3. Do not use magical numbers, like e.g. 1 and 11 in your code. Either declare a constants minVerticalOffset and maxVerticalOffset or even pass these as parameters.
4. Do not hard-code configuration all over the place. Your comments show that you have to adjust the code in several places every year. Instead you should rather extract all but the configuration into a parametrized procedure that you call from Copy_Data.
5. Explicitely declare the scope of procedures and variables, i.e. declare them as Private, Public or Friend.
6. Declare you variables close to where you actually use them. I know that this contradicts with old coding conventions for VBA, but having the declaration right before its use makes it clear of what type the variable is without any need of a naming convention.
7. Rather VBA specific, use Long in favor of Integer if you do not specifically want to limit the range to that of an integer. As explained in the answer to this SO question every Integer is internally converted to a Long anyway on any halfway modern system.

## Specific Advice

1. As I hinted at already above, the variable names in all caps could use some work. E.g. the variable X could be renamed to verticalOffset.
2. Getting more specific regarding point 4 above, it might be of great use for reusability to extract the body of the procedure into its own (private) procedure with three parameters: TurnoverSheet As WorkSheet, FindDate As Date, DataSheet As worksheet. The names might need a little work, though. The parameters would then be passed in when calling the procedure from Copy_Data.
3. Most probably, your code contains a hard to see bug. Inside the with blocks, the Range(AddressString) is not prefixed with a dot. Thus, it refers to the range on the active sheet. This means that this procedure only works when called from the sheet Turnover2017.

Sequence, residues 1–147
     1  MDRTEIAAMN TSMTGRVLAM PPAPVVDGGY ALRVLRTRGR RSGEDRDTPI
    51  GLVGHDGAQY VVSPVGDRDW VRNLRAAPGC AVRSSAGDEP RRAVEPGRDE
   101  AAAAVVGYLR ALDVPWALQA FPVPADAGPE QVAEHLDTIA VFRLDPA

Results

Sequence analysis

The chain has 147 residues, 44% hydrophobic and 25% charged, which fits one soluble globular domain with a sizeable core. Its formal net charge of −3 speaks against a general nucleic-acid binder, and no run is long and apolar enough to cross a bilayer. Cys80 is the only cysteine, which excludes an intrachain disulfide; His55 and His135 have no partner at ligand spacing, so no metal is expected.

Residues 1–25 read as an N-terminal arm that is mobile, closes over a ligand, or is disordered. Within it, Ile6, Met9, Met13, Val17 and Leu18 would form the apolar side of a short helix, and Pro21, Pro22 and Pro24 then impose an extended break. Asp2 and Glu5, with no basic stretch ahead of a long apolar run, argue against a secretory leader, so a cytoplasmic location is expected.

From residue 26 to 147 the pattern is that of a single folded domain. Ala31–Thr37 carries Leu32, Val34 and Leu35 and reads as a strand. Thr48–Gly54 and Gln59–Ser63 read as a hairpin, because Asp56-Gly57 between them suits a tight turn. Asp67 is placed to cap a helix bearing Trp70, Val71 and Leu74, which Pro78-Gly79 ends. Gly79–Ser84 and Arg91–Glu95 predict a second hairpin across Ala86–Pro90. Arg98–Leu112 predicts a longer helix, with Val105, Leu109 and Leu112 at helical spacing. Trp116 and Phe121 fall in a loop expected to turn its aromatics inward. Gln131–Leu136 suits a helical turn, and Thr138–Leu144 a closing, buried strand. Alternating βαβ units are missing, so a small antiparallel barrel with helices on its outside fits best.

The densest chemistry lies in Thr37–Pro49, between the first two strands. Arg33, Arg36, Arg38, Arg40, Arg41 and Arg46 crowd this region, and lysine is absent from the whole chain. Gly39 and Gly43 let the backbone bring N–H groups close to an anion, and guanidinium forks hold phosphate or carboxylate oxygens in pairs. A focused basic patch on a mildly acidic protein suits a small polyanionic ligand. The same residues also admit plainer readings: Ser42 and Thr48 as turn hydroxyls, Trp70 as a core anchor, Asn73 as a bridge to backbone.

4. Your three With blocks all refer to the same variable. Hence, they can be combined into one and even be pushed outside the For loop.
5. When using Range.Find you should always consider the possibility that there is no search result. In this case Nothing is returned. This would lead to runtime errors whan trying to call anything on it. So, you might want to test the result range for Is Nothing.
6. From your code I get the impression that you first only want to search in the first row, then only in the 18th row and then only in the first column. If this is the case, then you should actually use the appropriate ranges. (This would also make the use of the optioanl parameter SearchOrder obsolete, which contains the very subtle difference between the first and third search.)
7. The performance could be improved by pushing the searches out of the For loop. Your searches are independent of the value of X. So, at the moment, you are performing the same work for each value of this variable. If you have really large worksheets, this wastefulness can be a problem.
8. After pushing the searches out of the For loop, you can eliminate the loop alltogether. To do this wyou have to load the three sets of data each into a two dimensional array by assigning the Value property, or better Value2 property, of the the corresponding ranges to a Variant variable. (See this blog post for why to use Value2.) Then the values can be assigned to the target ranges by setting the Value property of the top left cell of the target range to the corresponding array. This is much faster then itterating over the cells because accessing the worksheet is rather slow.